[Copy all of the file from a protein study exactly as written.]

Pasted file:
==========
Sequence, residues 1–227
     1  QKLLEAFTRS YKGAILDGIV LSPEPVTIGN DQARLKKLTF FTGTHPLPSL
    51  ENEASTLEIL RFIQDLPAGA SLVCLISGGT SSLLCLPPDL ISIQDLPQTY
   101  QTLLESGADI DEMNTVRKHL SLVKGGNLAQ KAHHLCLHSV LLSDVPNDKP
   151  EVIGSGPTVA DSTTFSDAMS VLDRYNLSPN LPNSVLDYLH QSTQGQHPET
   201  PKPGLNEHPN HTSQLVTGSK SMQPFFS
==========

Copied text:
Sequence, residues 1–227
     1  QKLLEAFTRS YKGAILDGIV LSPEPVTIGN DQARLKKLTF FTGTHPLPSL
    51  ENEASTLEIL RFIQDLPAGA SLVCLISGGT SSLLCLPPDL ISIQDLPQTY
   101  QTLLESGADI DEMNTVRKHL SLVKGGNLAQ KAHHLCLHSV LLSDVPNDKP
   151  EVIGSGPTVA DSTTFSDAMS VLDRYNLSPN LPNSVLDYLH QSTQGQHPET
   201  PKPGLNEHPN HTSQLVTGSK SMQPFFS